Nelson T. Gant House, Zanesville, Ohio
Posted by: Groundspeak Regular Member FamilyTrees
N 39° 56.705 W 082° 01.803
17S E 412004 N 4422169
Owned by Nelson Gant, former slave and conductor on the Underground Railroad
Waymark Code: WM45YC
Location: Ohio, United States
Date Posted: 07/12/2008
Published By:Groundspeak Premium Member silverquill
Views: 61

From the historic marker in front, placed by the Ohio Department of Transportation:

Historic Underground Railroad Site: Nelson T. Gant House

Nelson T. Gant was one of Zanesville's most prominent African American citizens. Born into slavery on the Woodburn Estate of John Nixon of Loudoun County, Virginia on May 10, 1821, Nelson was given his freedom by provisions of his master's will in September 1845. However Gant's wife, Anna Maria Hughes, remained the property of Miss CAE Jane Russell of Leesburg who refused to release her from bondage.

Twelve months after receiving his freedom, Nelson crossed the Ohio River and eventually arrived in Zanesville. Abolitionists in Putnam and friends in Virginia collected enough money to help Gant buy his wife's freedom in February 1847.

The Gants made Zanesville their permanent home in 1850. Gant worked for Theodore Convers, during which time he bought this land for his home and farm. After Convers died, Gant made his living as a farmer and gardender of specialty vegetables. Although Nelson was a quiet man, oral tradition claims that he often hid slaves in his vegetable wagon to assist them from one safe house to another.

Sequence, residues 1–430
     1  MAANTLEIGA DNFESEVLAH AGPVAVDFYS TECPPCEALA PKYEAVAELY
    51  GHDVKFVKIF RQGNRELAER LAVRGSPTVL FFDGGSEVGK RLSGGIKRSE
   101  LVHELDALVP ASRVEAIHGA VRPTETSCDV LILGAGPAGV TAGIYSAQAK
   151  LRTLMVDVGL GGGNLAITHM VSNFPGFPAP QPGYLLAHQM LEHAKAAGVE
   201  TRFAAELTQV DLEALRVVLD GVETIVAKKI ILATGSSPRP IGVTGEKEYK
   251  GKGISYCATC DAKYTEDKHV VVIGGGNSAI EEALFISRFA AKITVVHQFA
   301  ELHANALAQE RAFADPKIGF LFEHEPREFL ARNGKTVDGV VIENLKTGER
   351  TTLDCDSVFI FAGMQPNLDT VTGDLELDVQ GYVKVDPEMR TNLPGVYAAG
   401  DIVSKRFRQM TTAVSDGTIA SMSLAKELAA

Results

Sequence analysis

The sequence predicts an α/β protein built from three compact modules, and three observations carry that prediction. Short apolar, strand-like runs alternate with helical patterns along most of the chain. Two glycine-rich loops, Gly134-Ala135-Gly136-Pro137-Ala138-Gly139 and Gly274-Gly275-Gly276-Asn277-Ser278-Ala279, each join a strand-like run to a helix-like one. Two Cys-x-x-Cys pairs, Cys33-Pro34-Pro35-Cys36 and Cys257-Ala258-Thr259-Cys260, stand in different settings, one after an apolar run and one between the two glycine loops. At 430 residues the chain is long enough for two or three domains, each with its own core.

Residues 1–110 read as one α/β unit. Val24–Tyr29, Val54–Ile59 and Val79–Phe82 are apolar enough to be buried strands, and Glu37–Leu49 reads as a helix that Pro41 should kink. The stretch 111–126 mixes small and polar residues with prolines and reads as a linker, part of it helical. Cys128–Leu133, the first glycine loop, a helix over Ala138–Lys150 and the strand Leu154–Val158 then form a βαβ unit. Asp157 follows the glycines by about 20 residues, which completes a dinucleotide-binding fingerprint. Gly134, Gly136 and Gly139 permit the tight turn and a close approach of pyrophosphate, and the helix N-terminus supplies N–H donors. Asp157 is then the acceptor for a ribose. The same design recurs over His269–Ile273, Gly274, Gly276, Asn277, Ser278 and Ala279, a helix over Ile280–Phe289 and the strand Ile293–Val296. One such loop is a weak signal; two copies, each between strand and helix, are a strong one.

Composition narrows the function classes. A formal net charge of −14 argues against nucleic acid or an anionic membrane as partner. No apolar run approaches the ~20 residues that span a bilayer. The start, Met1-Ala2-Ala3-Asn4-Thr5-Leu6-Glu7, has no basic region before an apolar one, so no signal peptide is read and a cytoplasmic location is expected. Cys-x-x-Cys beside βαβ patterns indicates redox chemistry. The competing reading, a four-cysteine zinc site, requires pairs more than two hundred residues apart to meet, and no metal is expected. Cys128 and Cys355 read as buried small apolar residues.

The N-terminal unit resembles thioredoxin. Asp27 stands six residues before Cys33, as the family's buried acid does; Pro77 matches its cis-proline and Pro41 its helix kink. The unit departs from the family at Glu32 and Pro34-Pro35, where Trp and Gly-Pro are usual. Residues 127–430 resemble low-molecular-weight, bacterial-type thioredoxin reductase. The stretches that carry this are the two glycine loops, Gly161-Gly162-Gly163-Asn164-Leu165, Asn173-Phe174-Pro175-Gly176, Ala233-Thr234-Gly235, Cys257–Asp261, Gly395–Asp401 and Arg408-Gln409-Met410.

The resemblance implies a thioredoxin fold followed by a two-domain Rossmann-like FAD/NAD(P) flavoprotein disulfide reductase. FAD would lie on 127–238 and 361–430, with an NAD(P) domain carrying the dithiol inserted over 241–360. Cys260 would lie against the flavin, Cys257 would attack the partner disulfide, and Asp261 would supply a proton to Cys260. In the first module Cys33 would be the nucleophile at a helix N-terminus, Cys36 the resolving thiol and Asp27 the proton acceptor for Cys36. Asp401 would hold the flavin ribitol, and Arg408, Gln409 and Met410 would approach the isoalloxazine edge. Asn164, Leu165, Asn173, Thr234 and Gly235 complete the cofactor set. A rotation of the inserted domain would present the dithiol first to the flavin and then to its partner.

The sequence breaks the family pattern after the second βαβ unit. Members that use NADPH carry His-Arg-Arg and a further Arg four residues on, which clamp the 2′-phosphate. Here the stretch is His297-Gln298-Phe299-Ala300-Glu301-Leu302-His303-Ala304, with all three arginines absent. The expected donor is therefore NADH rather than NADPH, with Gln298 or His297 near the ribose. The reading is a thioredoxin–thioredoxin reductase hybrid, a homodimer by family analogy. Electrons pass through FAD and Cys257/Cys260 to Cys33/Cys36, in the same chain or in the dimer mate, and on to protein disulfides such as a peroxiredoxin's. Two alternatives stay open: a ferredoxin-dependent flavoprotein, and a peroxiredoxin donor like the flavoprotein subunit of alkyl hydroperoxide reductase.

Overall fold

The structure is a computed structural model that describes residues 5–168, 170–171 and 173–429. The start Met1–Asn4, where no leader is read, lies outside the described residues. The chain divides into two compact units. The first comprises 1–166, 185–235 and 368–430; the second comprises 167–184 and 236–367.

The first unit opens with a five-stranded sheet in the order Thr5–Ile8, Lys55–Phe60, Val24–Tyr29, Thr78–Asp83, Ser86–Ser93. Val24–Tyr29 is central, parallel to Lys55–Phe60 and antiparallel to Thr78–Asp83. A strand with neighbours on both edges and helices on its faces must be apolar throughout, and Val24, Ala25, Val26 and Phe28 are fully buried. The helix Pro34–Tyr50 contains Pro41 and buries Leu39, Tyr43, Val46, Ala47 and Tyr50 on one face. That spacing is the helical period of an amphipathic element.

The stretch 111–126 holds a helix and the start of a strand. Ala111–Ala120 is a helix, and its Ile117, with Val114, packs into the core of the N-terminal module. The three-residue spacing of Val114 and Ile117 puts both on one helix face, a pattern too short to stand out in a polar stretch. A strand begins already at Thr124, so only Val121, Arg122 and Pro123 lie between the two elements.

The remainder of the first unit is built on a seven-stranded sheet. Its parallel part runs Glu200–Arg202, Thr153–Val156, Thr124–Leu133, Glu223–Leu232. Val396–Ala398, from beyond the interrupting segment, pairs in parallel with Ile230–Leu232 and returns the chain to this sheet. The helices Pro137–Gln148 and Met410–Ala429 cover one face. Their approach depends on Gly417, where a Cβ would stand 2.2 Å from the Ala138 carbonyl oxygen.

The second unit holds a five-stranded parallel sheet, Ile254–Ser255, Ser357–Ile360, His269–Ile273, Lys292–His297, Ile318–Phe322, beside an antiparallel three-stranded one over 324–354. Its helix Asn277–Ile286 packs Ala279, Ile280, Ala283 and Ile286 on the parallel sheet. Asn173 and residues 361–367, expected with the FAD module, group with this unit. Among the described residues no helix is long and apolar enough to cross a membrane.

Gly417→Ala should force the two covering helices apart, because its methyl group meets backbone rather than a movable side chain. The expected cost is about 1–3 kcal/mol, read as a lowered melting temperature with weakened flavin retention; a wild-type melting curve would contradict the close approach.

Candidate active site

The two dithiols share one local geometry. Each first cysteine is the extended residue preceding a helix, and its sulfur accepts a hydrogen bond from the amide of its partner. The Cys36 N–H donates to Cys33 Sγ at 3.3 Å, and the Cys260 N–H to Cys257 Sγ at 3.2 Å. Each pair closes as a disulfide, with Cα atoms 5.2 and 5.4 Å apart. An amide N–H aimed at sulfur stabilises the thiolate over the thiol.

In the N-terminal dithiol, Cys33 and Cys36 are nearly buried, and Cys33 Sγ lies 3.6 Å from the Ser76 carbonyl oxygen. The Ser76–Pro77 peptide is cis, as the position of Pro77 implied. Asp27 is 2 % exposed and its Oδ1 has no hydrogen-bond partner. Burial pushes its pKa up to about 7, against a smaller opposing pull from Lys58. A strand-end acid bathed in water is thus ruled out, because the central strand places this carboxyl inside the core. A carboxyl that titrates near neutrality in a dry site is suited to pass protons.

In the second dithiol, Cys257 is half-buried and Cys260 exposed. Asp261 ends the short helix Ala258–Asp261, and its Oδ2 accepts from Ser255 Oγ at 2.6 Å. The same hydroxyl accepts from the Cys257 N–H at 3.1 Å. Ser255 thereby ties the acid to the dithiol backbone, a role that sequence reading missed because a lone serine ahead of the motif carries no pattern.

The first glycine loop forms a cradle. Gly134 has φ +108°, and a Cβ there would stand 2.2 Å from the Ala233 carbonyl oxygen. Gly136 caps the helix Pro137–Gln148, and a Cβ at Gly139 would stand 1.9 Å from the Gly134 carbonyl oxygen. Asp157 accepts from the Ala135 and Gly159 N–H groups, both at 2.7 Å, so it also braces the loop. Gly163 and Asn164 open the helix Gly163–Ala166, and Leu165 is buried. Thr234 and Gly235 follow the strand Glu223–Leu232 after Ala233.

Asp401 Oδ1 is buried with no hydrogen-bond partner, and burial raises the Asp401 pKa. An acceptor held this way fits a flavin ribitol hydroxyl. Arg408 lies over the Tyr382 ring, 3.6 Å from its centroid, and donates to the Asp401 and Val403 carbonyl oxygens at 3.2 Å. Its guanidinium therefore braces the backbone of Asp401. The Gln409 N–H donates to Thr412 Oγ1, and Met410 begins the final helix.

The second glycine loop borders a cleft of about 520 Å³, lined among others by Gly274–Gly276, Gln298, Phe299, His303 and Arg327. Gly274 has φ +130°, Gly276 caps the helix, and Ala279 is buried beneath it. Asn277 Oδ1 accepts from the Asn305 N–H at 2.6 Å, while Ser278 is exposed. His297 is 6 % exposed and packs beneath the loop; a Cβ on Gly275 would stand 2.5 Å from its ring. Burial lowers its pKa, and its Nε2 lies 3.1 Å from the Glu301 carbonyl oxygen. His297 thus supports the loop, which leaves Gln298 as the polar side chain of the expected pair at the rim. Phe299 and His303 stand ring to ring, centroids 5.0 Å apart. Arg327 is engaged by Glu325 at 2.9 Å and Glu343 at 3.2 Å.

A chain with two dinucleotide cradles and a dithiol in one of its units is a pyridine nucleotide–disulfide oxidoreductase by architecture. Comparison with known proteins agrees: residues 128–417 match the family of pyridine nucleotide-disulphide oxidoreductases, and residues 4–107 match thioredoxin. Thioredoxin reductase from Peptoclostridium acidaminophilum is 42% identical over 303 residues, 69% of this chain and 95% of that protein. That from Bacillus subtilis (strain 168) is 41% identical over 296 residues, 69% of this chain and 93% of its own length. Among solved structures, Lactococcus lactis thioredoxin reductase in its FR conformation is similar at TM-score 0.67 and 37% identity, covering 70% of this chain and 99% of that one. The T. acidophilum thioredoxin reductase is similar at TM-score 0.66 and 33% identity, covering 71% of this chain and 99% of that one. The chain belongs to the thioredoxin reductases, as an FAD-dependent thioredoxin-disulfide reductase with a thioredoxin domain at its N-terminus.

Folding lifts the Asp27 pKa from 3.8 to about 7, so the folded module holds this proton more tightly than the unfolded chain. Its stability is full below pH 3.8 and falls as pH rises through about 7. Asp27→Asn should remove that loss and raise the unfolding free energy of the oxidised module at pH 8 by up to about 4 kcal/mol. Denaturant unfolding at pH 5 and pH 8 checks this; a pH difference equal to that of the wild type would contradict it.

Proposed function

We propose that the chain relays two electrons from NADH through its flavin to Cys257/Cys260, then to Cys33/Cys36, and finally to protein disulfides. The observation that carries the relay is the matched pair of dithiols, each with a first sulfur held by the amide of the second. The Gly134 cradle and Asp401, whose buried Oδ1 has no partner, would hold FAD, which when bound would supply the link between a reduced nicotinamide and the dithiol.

Nelso was quite industrious -- he even sold "fine strawberries and cream" from the front porch of this homestead. Perhaps as homage to the brick buildings of his old home in Loudoun, Nelson built this house of brick, including the interior walls. Gant also owned a salt lick and a coal mine that produced the largest amount of coal purchased in Muskingum County at the time. A true entrepreneur, the would often dam the river and make ice blocks that he would sell. By hard work and thrift, he saved money and invested it in land. Ultimately, he became the owner of more than 300 acres and was a self-made millionaire.

In the old slave tradition, Nelson would host community picnics on July 5th in "Gant's Grove," which he later sold to Townsend Brick to make into a public park -- one of the first integrated parks in the state. The Municipal Stadium now stands on the grounds that used to be Gant Park.

Nelson T. Gant died July 14, 1905 a well-respected citizen and a millionaire.
Site Details: Not open to the public

Open to the public?: Private

Name of organization who placed the marker: Ohio Dept. of Transportation

Address: Not listed

Web site: Not listed

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